Guest Column - May 2009
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Design Corner: Starting Out Small

From Spray Park to Comprehensive Aquatics Complex

By Tom LaLonde

Splash Pad as 'Launch Pad'

How have some park and recreation agencies managed challenges by conceiving solutions to accommodate identified aquatics "wants and needs" and budget constraints? Through an approach defined by a plan for a progression of improvements. The Mundelein Park District in Mundelein, Ill., for example, built a 50,600-square-foot splash pad facility, which was intended to be a springboard for a more elaborate aquatics complex.

Beginning with a project that came in at a cost just exceeding $1 million, the agency—using state grant money to help finance the project—was able to provide a new facility for the community sooner, and follow through with a plan to redevelop it into a larger, modern attraction later when funds became available, replacing an aging pool with a new aquatics facility on the same site. In this agency's case, the initial phase to move to new aquatics facility offerings was augmented with the construction of an indoor lap pool at a community center to provide aquatics opportunities identified as being important to swimmers in the district.

The new spray play facility that was built outdoors features a 2,500-square-foot pavilion with a picnic area and vending machines. Amenities include tot and youth water play areas—each comprising 1,500 square feet, a sand play area, volleyball courts, shade structures and a sun hill. Ornamental stairs connect the outdoor spray play to the existing pool, and a support building with a covered picnic area adjacent to a connective path between the two facilities.

Envisioned in a master plan developed for the site was a series of expansion initiatives to materialize through a multi-phased development strategy. Expansion of the aquatics facility portion of this extensive recreation site, which also features the community center, called for the construction of a plunge pool, a zero-edge-depth pool, a lazy river and support structures.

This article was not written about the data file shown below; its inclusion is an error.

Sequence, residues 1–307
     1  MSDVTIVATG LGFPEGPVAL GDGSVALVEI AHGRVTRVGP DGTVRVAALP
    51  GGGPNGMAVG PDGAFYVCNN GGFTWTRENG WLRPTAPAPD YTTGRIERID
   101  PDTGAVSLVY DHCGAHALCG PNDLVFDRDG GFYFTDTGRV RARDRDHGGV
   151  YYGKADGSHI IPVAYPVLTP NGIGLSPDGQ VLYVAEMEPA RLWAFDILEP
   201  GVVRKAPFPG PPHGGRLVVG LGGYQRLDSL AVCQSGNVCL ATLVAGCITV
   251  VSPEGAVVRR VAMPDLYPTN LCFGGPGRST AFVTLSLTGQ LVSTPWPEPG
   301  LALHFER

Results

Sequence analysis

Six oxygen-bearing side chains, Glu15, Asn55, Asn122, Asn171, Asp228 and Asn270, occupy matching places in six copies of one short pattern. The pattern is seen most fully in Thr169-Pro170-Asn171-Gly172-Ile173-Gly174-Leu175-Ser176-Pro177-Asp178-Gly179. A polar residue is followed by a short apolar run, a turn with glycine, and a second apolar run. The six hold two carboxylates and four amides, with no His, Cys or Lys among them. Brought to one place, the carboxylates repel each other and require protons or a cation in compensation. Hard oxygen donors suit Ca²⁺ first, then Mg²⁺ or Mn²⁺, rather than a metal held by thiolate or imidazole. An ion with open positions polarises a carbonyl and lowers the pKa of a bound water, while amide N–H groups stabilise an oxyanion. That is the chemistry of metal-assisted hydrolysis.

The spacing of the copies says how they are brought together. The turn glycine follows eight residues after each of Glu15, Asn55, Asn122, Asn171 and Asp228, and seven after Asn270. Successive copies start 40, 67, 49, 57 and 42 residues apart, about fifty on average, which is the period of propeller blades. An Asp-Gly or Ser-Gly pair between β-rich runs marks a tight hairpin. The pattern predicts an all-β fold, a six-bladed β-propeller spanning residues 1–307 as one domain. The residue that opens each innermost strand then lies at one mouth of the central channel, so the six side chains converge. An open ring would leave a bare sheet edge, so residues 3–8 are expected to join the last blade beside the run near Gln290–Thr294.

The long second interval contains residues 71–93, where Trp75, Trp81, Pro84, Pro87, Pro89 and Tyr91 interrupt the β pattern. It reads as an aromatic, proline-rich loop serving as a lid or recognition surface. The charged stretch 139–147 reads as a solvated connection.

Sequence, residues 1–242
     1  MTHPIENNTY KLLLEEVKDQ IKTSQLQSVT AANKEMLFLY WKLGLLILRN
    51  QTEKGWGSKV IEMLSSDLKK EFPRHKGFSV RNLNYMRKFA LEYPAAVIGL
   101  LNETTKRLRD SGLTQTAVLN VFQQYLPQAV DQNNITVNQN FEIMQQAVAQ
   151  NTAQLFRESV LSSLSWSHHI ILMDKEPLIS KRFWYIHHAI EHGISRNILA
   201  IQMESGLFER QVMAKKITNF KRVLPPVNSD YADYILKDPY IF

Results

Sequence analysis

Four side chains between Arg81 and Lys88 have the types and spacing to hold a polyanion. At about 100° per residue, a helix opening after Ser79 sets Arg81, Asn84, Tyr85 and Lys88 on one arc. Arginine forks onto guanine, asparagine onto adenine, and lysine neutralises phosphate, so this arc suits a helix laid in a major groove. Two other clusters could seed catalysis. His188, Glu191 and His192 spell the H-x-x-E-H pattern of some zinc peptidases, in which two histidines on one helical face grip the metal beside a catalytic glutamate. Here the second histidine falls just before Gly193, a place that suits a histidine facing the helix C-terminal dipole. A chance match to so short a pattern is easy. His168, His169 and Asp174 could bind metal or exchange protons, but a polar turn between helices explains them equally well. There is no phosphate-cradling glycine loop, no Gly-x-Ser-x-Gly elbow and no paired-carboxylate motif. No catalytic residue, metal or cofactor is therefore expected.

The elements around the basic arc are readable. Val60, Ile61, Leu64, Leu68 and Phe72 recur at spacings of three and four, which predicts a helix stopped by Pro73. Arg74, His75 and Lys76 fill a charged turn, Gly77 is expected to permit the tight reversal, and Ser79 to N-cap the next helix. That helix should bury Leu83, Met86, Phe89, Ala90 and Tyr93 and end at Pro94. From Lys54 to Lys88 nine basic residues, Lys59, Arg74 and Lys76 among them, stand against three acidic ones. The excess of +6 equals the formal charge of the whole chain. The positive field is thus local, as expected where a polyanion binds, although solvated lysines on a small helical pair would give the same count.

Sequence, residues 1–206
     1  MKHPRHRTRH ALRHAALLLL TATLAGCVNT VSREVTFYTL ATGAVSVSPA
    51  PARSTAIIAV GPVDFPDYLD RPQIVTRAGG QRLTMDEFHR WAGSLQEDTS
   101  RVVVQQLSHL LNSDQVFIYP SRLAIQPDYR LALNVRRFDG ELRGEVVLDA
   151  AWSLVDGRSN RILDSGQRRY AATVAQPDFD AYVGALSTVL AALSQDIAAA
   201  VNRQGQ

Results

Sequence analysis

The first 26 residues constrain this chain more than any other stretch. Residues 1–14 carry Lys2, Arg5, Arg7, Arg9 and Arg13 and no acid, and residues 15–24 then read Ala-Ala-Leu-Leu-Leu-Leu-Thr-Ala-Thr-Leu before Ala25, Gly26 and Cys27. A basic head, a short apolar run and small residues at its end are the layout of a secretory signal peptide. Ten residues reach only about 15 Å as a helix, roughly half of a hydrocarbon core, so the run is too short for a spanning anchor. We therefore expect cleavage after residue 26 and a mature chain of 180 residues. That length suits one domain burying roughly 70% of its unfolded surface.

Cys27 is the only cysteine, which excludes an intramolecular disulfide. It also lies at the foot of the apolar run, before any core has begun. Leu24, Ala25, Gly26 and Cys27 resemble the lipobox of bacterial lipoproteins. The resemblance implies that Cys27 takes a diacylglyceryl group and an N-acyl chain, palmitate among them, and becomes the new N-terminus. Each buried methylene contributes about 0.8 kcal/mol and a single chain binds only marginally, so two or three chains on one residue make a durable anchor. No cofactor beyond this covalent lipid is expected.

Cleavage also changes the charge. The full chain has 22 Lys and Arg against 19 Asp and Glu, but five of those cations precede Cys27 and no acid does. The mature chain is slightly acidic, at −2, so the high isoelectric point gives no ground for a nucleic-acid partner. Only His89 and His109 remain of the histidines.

Thinking Big, Starting Small

Not far away, in St. Charles, Ill., the park district has embarked on an ambitious plan for what is to be the Campton Hills Aquatics Center, a Greenfield facility envisioned to contain an assembly of amenities that the district anticipates will appeal to the expanding community it serves. The roadmap to get to the realization of this new, multi-featured outdoor complex also involves a phased approach, which began with the construction of a spray-park component that opened in 2005.

Completed at a cost of $1.3 million, the 40,000-square-foot "splash" playground represents the first phase of a two-phase plan for the aquatic complex on the chosen park site, which is expected to eventually hold a multi-acre aquatic center that can accommodate 1,750 bathers, as well as encompassing efforts to build a nature center and a community center through an additional phase. With completion of the aquatic center expected in time for the opening of the 2010 outdoor pool season in Illinois, work is now under way to design and construct the $11 million facility.

Features of the aquatic complex being developed are to include a zero-depth-entry activity pool with a separate eight-lane, 25-yard lap pool; a zero-depth-entry children's pool; and a plunge pool rigged out with a slide tower and body flume slide. A 560-foot-long lazy river with a zero-depth entry and a 100-foot-long "rapids ride" component is also planned, as is a bathhouse with administration space; a concessions/filter building housing storage space; and a concession deck with adjacent rental lawns.

This pool is being constructed on the west side of the community where most of the new housing has been developed over the past 10 years. Once this project is complete, the existing Pottawatomie pool on the east side of town will be reconstructed and reopened 2011. Both pool initiatives and the nature center were part of a successful 2008 referendum.

The entire site is being developed over a 10- to 15-year period based on an overall master plan that includes ballfields, parking, roadways and detention (already completed), the sprayground, the aquatic center, nature center and a future community center that will require a future referendum.